Egypt, Ethiopia lock horns over Nile water

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November 23, 2010 23:21

A night time photograph made by an International Space Station Expedition shows the bright lights of Cairo and Alexandria, Egypt on the Mediterranean coast as well as the Nile River and its delta which stand out clearly. Photo - Reuters/NASA

Who: Ethiopian and Egyptian government.

What: Ethiopian Prime Minister Meles Zenawi claimed that Egypt could not win a war with Ethiopia over the River Nile and accused Cairo of supporting rebel groups in an attempt to destabilise the Horn of Africa nation. Egypt responded by saying it was ‘amazed’ by Ethiopia’s suggestion and rebuffed Ethiopian claims.

Where: The Ethiopian premier made the accusations in an interview with Reuters in the capital city of Addis Ababa. Egyptian foreign ministry responded in a statement issued in Cairo: “The charges that Egypt .. is exploiting rebel groups against the ruling regime in Ethiopia are completely devoid of truth.”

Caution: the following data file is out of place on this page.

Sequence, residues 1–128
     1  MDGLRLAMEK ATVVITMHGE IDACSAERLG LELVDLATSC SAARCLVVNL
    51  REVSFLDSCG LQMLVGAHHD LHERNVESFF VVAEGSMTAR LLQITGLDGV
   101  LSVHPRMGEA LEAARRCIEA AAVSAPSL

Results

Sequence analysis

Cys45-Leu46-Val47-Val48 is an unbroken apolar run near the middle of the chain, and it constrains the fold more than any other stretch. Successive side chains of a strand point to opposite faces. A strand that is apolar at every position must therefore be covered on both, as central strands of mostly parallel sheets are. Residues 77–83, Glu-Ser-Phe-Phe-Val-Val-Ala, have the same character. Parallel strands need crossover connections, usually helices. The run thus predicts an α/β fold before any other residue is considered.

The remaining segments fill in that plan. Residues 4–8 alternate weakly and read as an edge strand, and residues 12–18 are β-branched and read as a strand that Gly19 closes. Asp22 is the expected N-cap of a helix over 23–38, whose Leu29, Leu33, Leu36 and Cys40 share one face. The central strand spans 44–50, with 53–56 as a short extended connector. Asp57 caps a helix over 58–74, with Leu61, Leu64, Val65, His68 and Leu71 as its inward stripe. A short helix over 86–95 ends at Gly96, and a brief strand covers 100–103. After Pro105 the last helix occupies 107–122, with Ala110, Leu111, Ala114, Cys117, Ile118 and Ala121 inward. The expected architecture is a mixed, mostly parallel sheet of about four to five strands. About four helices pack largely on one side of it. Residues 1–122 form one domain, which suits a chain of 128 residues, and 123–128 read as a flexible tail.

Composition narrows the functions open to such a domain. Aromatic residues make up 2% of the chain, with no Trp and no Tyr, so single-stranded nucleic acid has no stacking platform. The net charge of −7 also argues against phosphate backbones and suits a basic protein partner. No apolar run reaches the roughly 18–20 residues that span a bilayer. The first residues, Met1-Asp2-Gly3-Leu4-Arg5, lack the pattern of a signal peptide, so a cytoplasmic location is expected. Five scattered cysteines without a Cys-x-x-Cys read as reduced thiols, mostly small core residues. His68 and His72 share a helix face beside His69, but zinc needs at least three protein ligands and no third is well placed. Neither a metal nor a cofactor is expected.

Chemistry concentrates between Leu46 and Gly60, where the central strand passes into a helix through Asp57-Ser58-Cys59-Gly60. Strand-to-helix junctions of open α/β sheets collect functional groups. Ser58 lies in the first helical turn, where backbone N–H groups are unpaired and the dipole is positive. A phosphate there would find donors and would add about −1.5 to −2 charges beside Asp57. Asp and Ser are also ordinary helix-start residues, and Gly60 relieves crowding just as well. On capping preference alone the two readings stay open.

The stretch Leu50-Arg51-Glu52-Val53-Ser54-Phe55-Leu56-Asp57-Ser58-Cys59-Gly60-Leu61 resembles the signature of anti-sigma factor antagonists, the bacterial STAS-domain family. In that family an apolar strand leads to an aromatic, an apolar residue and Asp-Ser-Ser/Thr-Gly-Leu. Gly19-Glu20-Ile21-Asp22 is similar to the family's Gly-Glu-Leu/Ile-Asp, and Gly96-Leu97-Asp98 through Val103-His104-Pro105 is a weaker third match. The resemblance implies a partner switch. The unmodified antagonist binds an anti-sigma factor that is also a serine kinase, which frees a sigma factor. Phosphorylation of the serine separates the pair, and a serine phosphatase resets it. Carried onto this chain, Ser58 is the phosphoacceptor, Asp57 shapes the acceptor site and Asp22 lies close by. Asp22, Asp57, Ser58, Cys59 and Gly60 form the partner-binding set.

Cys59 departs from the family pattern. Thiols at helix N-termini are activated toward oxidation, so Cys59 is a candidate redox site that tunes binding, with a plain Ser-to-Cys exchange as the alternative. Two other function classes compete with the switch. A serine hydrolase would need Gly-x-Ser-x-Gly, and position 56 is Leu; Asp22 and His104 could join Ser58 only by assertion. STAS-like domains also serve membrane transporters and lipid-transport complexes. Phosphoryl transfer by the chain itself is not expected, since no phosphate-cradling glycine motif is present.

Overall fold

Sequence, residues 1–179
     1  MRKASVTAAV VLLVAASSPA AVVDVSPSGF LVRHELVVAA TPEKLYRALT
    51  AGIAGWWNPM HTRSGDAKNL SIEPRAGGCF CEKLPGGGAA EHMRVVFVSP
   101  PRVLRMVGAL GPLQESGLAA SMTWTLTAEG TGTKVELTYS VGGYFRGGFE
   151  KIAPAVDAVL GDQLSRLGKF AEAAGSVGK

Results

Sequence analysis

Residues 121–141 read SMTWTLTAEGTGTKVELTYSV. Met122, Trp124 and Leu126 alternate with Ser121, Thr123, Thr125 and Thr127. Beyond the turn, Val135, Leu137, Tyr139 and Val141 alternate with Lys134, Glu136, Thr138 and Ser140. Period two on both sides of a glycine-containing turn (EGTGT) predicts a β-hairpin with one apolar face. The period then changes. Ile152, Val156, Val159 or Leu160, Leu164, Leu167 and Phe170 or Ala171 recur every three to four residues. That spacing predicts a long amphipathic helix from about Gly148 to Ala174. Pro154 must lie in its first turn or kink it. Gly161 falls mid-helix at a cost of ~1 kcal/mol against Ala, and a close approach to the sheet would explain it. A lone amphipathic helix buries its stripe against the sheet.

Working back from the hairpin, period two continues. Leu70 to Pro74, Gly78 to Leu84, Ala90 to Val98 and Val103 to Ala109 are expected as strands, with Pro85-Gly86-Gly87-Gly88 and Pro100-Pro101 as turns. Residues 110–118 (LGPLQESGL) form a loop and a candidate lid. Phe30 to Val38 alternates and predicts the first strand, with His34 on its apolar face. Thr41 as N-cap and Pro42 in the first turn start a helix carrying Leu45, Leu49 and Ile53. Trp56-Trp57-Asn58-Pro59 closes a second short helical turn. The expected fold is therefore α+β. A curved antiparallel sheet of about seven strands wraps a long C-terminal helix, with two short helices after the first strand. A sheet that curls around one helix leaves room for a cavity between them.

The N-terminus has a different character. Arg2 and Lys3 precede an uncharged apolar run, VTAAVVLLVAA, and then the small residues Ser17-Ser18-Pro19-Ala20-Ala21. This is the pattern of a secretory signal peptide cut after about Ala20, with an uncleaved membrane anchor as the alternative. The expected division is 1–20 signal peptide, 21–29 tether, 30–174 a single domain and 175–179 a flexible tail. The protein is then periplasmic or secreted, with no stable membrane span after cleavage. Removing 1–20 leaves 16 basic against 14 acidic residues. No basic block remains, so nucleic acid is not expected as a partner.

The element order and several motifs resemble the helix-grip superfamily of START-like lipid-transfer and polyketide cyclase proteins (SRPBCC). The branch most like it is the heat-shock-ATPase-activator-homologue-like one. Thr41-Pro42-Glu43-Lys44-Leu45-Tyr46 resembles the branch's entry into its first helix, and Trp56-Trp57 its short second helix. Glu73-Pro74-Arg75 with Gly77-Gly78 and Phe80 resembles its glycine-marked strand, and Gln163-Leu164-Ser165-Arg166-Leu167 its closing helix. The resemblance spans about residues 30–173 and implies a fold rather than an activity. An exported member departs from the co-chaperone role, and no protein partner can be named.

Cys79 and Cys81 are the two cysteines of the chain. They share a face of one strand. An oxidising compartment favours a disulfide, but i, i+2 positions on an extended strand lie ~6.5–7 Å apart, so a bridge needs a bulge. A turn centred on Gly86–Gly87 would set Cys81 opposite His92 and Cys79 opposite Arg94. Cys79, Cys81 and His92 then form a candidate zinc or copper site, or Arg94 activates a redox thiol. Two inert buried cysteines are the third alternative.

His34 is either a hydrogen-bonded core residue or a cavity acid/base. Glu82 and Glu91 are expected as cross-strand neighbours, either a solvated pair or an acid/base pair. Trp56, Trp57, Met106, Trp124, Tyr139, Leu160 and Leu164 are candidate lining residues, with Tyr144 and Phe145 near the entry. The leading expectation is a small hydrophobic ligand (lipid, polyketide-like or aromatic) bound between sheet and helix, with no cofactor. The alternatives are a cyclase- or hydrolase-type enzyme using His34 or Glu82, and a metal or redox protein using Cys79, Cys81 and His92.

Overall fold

When: The African nations traded accusations on Tuesday, 23 November.

Why: Egypt is almost totally dependent on the Nile and is threatened by climate change. It needs the Nile waters to feed a farm sector that accounts for a third of all jobs. Cairo is wary of dam construction in upstream countries that could affect flows and have an impact on its agriculture. Ethiopia has built five huge dams on the Nile in the last decade and has begun work on a $1.4 billion hydropower facility.

How: The River Nile passes through Egypt, Ethiopia and seven other countries. Ethiopia and other upstream countries are angry over the perceived injustice of a previous British-sponsored Nile water treaty signed in 1929. Under the 1929 pact, Egypt draws 55.5 billion cubic meters of water a year out of the Nile’s total flow of around 84 billion cubic meters. The water treaty heavily favoured British interests in Egypt despite the fact that some 85 percent of the water originates in Ethiopia. Ethiopia, Uganda, Tanzania, Rwanda and Kenya signed a new deal to share the waters in May this year.

A map of the River Nile. Courtesy -

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